So said beneathe a sweatshirt.

It was a drizzley, grizzley day, but more than that, it was cold.  It’s the kind of day that would depress me to no end if it occurred in June, July or August, but somehow in September it seems to slip past me, escaping the abuse I would normally have for anything below 75 degrees and sunny.  And anyway, I spent some time last year defending the winter as something charming and novel, if not wholly enjoyable.  Who am I anymore?  Post-California winters have done less to damage my spirit.  And in fact today, once I got over the initial shock of the drop in temperature, once I resigned myself to a long, hot shower and then curled up on the couch with a blanket, I caught myself looking forward to winter, as if it were my  new guilty pleasure.  Who am I anymore?  I’m looking forward to the day that our landlord turns the heat on and my bedroom turns back into an incubator.  I’m looking forward to a scarf and mittens.  Who am I anymore?  This summer was too short, but it was hot enough to make everyone else complain, which means that it was perfect.  I’m done complaining about the weather. Heaven will be 85 degrees with a hot breeze–I’m content to wait for that.

Tennis the menace, and other sports puns.

There’s no need to say it in any clever way.  This past summer I began playing tennis.  I’m not great, but I’m not terrible, and I think I have potential.  I say this because I was something of a star athlete before I suppressed my athletic side sophomore year of high school.  From age 5 to 15 I was a formidable presence in the world of tee-ball, hardball, softball, basketball, and even volleyball.  I enjoyed it for about a decade, and then willfully gave it up to pursue things more creative.  I guess at the time I thought that these two parts of me, the athletic and the artistic, could not peacefully coexist.

But lately I’ve been allowing myself to get back in touch with my sporty side.  This weekend, for example, you would not believe how much sports I watched!  I watched parts of the US Open, college football, pro baseball, and even a commentary show on the Packers training camp.  Granted, these were just parts, and I probably would have chosen something else if I had the option.  And I’m sure that part of the thrill was watching it on my parents’ new big screen TV (for those of you who know my family, you know that the purchase of this TV was a historical moment long in the making) but I think that part of me actually enjoyed it.  Part of me was caught up in that spirit of competition that I thought had only settled on me momentarily during the 16 days of the BeijingOlympics.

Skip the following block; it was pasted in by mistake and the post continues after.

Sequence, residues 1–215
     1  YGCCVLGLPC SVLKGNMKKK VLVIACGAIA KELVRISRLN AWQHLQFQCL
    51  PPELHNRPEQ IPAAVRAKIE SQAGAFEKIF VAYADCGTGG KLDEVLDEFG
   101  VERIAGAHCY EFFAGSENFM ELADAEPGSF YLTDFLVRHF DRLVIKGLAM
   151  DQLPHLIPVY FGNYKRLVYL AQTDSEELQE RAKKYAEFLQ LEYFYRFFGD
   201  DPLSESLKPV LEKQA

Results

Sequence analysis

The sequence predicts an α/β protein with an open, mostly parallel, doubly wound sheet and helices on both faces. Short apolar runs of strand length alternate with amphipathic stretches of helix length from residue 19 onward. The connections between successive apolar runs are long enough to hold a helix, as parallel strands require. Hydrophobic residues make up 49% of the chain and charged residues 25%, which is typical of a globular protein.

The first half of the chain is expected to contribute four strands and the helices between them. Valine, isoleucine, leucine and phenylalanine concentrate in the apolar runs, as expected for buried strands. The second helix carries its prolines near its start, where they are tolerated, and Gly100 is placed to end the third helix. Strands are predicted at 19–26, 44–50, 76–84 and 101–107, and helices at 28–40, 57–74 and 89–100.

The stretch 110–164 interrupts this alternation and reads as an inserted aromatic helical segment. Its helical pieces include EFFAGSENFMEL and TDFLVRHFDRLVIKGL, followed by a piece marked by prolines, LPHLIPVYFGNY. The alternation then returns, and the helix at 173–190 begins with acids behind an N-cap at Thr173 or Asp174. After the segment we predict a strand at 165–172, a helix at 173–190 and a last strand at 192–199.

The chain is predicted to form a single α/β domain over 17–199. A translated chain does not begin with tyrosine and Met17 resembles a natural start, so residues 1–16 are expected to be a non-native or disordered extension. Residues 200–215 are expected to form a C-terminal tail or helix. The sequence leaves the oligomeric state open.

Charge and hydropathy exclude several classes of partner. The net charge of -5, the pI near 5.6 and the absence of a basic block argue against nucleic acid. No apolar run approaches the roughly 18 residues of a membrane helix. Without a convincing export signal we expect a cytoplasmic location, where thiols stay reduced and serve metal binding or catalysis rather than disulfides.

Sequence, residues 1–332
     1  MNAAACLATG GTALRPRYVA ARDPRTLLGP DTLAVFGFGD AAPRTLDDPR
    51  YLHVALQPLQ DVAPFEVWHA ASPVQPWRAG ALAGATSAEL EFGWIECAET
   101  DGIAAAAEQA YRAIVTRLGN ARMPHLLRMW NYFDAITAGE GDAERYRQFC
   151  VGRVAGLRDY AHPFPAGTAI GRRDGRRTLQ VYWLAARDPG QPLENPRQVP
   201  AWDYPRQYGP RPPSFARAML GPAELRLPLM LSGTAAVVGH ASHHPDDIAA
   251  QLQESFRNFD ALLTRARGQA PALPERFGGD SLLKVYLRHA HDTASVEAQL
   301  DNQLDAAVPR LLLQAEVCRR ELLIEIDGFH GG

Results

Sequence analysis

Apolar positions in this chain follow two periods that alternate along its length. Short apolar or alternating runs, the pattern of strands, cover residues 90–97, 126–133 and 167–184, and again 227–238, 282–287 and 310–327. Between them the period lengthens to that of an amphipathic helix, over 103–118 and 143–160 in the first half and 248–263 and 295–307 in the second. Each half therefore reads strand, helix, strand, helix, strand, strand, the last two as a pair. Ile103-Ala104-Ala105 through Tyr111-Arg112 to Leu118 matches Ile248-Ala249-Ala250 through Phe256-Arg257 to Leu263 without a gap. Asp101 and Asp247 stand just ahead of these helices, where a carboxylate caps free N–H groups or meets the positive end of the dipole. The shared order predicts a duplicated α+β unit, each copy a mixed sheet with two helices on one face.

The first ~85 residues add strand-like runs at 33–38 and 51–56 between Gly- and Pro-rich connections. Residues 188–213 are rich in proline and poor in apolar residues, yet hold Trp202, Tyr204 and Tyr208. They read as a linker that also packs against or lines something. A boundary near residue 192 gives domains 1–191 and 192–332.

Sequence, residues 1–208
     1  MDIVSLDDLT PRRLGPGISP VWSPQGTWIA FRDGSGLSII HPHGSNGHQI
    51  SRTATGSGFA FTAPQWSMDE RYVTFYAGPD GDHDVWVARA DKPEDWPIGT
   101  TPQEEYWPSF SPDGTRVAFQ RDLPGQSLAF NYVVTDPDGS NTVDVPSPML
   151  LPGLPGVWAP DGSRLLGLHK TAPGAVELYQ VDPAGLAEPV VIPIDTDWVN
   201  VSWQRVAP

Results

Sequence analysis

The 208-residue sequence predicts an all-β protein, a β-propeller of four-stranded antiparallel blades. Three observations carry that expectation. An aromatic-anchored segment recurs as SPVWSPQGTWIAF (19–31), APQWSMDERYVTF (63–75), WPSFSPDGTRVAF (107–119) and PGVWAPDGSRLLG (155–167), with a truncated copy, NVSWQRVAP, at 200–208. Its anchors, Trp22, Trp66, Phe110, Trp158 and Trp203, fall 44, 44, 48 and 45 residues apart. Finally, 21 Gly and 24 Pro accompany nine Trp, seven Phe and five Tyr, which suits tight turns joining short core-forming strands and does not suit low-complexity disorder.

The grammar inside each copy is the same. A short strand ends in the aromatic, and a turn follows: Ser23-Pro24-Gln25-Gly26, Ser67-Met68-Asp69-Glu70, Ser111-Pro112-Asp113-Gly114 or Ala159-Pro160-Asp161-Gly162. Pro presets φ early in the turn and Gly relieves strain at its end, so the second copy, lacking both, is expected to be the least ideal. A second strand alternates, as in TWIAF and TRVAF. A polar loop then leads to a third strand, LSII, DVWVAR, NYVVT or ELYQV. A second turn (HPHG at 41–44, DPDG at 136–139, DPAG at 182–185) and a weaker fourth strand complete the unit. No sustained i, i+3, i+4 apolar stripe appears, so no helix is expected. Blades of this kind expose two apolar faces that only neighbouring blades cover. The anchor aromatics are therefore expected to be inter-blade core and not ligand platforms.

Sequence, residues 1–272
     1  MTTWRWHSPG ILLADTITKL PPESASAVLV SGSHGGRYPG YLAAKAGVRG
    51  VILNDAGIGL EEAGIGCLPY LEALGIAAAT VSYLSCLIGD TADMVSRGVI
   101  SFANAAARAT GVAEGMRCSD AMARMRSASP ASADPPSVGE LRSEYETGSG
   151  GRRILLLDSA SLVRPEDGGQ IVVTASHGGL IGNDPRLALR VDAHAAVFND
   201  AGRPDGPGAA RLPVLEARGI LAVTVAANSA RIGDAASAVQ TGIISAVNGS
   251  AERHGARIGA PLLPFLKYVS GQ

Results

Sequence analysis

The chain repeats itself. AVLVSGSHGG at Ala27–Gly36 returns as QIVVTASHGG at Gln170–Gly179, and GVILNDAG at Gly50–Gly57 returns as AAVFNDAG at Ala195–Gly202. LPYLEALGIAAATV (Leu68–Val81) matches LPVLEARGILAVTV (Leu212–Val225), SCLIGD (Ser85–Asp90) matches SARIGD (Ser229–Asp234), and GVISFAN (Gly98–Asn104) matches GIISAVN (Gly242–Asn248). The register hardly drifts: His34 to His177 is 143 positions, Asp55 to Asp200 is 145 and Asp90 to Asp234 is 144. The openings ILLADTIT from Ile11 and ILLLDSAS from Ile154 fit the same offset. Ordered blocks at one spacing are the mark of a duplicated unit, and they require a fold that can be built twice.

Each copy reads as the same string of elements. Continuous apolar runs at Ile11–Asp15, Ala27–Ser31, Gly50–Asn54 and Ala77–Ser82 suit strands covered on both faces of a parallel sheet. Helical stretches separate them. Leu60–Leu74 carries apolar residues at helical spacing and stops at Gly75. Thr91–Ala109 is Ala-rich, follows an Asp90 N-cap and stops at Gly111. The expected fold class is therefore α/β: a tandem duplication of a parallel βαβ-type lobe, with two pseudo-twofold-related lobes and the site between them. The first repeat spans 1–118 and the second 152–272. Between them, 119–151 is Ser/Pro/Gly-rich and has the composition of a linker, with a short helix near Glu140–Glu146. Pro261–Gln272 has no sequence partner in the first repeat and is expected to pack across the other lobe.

I’m not the same girl I was between ages 5 and 15, obviously, but I’m not the same woman I was between ages 15 and 25 either. So maybe I’m a sports fan again.  I’m not saying I’m about to trade in my pens and paint and paper for a subscription to Sports Illustrated, but if I get the urge to join a tennis club or arrange my plans around the Packers schedule, I’m not going to fight it.  ‘Sall I’m sayin’. (That seems like something a sporty person would close a blog with.)

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    Breena Wiederhoeft
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